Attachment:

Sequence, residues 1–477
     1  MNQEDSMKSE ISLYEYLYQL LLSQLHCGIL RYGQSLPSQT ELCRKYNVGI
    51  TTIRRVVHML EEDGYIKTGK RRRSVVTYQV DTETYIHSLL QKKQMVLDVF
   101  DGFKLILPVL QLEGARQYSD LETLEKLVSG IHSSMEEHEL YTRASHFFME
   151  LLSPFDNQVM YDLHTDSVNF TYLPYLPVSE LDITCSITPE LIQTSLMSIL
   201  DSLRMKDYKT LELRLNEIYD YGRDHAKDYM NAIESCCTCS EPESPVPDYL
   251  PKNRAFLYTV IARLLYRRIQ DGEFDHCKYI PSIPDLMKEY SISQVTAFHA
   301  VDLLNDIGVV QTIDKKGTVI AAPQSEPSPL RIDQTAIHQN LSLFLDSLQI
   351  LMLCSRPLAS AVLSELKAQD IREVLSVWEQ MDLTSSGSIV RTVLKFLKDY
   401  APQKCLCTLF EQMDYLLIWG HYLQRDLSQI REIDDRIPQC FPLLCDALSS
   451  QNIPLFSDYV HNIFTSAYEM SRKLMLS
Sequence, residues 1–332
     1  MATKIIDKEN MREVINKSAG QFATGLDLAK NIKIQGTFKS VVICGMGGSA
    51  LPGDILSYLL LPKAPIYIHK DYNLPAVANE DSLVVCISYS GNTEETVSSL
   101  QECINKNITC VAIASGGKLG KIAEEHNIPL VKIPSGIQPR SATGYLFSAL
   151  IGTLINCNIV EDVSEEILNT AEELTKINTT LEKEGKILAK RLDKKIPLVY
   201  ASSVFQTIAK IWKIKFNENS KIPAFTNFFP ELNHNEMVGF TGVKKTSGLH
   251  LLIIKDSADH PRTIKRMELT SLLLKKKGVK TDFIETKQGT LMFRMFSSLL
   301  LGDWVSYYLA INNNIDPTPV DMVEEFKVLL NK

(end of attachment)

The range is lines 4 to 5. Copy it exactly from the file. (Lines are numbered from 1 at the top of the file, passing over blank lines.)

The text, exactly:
   101  DGFKLILPVL QLEGARQYSD LETLEKLVSG IHSSMEEHEL YTRASHFFME
   151  LLSPFDNQVM YDLHTDSVNF TYLPYLPVSE LDITCSITPE LIQTSLMSIL